Learn about cystic fibrosis, a genetic lung disorder that affects the pancreas and other organs, and how to treat and live with this chronic disease.
CF is a rare genetic disease found in about 30,000 people in the U.S. If you have CF or are considering testing for it, knowing about the role of genetics in CF can help you make informed decisions about your health care.
If you or your child has just been diagnosed with cystic fibrosis, or your doctor has recommended testing for CF, you may have many questions.
Diagnosing CF is a multistep process. A complete diagnostic evaluation should include a newborn screening, a sweat chloride test, a genetic or carrier test, and a clinical evaluation at a CF Foundation-accredited care center.
Raising a child with cystic fibrosis can bring up many questions because CF affects many aspects of your child’s life. Here you’ll find resources to help you manage your child’s daily needs and find the best possible CF care.
Living with cystic fibrosis comes with many challenges, including medical, social, and financial. By learning more about how you can manage your disease every day, you can ultimately help find a balance between your busy lifestyle and your CF care.
People with CF are living longer, healthier lives than ever before. As an adult with CF, you may reach key milestones you might not have considered. Planning for these life events requires careful thought as you make decisions that may impact your life.
People with cystic fibrosis are living longer and more fulfilling lives, thanks in part to specialized CF care and a range of treatment options.
Cystic Fibrosis Foundation-accredited care centers provide expert care and specialized disease management to people living with cystic fibrosis.
We provide funding for and accredit more than 120 care centers and 53 affiliate programs nationwide. The high quality of specialized care available throughout the care center network has led to the improved length and quality of life for people with CF.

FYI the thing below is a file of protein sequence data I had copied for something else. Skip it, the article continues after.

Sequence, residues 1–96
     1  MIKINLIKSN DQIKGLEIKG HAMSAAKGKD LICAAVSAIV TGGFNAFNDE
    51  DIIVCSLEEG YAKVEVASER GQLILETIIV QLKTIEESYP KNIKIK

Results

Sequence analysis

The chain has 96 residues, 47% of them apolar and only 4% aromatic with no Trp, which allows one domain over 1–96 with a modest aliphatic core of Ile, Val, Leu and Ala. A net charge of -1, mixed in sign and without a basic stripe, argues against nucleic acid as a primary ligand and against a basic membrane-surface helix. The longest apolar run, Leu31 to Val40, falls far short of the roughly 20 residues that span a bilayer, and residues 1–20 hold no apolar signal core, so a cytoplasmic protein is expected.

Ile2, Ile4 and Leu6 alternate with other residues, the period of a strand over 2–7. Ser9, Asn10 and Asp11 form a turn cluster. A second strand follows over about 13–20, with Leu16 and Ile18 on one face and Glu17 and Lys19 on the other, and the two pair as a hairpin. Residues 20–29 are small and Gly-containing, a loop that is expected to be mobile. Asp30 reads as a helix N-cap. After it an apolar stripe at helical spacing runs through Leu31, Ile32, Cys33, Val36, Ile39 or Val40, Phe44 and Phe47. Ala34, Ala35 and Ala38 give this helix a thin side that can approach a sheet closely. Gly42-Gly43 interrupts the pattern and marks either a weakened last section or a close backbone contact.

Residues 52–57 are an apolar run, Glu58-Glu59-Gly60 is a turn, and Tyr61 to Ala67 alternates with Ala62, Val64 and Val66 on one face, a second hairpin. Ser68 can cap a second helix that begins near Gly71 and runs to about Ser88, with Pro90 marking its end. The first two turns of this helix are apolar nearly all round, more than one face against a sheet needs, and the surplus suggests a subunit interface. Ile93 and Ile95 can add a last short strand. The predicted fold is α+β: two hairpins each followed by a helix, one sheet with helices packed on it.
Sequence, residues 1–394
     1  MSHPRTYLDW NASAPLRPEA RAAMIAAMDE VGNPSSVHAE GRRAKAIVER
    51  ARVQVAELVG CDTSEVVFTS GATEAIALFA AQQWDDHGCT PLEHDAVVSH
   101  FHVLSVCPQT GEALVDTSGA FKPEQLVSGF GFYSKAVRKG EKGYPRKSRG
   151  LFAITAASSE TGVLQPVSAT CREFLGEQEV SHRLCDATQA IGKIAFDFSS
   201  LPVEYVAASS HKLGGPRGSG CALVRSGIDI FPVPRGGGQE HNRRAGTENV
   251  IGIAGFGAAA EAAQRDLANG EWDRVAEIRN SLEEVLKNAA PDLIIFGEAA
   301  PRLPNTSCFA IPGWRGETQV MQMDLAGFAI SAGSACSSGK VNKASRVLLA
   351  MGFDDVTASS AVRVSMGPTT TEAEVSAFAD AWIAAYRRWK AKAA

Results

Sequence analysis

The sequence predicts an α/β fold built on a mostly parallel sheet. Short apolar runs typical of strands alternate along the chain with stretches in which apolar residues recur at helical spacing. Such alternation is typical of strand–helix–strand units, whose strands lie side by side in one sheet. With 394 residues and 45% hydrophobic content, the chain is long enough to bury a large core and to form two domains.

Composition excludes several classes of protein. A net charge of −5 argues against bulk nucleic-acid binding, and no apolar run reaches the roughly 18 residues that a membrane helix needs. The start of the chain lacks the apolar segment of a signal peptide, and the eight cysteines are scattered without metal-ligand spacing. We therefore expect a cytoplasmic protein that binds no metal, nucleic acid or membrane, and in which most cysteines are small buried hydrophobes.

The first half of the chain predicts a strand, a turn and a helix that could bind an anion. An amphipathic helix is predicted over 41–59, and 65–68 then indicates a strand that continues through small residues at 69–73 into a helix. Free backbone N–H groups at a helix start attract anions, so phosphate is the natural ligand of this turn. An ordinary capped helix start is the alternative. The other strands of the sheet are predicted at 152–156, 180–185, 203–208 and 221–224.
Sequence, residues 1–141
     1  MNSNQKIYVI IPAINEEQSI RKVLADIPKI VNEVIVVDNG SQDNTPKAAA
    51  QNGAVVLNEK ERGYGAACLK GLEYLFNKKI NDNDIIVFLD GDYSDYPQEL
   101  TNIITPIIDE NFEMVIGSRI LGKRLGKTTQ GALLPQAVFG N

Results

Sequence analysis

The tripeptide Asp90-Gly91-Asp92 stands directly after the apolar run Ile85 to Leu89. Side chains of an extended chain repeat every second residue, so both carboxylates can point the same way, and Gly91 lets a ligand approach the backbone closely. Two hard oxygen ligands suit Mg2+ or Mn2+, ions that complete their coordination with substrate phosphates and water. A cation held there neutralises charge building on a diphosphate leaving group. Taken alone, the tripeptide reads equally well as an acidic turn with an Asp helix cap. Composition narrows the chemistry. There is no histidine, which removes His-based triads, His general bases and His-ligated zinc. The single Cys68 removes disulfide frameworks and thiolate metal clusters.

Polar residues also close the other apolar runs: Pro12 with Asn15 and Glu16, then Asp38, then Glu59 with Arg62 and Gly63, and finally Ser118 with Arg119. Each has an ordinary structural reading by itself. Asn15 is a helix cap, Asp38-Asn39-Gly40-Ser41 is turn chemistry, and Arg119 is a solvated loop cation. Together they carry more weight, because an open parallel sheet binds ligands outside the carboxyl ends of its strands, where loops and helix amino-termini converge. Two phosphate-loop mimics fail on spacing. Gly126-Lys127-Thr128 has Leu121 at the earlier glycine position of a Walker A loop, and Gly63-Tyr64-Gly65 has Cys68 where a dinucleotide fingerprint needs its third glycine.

The Cystic Fibrosis Foundation provides standard care guidelines based on the latest research, medical evidence, and consultation with experts on best practices.
As a clinician, you’re critical in helping people with CF maintain their quality of life. We’re committed to helping you partner with patients and their families by providing resources you can use to improve and continue to provide high-quality care.
As part of the Cystic Fibrosis Foundation's mission to help improve the lives of people living with cystic fibrosis, the PSDC initiative taps the CF community to inform key efforts to support the management of daily care.
Your cystic fibrosis care team includes a group of CF health care professionals who partner with you to provide specialized, comprehensive CF care.
Many cystic fibrosis patients and families face complicated issues related to getting the care they need. But CF Foundation Compass makes sure that no one has to do it alone.
For many people with cystic fibrosis, dealing with insurance is as much a part of living with the disease as nebulizers and vests. Many people with CF and their families face issues related to getting the care they need, but no one has to do it alone.
The Cystic Fibrosis Foundation is the world’s leader in the search for a cure for CF and supports a broad range of research initiatives to tackle the disease from all angles.
The CF Foundation offers a number of resources for learning about clinical trials and treatments that are being developed to improve the treatment of cystic fibrosis.
Our understanding of CF continues to evolve as scientists study what causes the disease and how it affects the body. These insights drive the development of new and better treatments and bring us one step closer to a cure.
Researchers, supported by the CF Foundation, have made tremendous advances to improve the health and quality of life of people with CF. We are committed to providing the tools and resources you need to continuously build upon this work.
Our goal is to educate policy makers about the needs of people with cystic fibrosis so that they make smart decisions about CF-related research, treatment, and access to care.
We recognize the value of tapping into the expertise that only people with CF and their families have. We invite you to share insights to help improve and develop programs and services that support the daily lives of people with CF.
Our mission is to find a cure for cystic fibrosis and improve the quality of life for those living with the disease. We can't do it alone. Help us add tomorrows by giving today.
In addition to working for a cure, the CF Foundation supports programs and policies to improve the lives of people with CF. Help us by raising awareness of CF, participating in a fundraising event, or volunteering with your local chapter.
Genetic (or carrier) testing not only plays a key role in the diagnosis of cystic fibrosis, but testing also allows parents to find out what their chances of having a child with CF are to help inform important family planning decisions.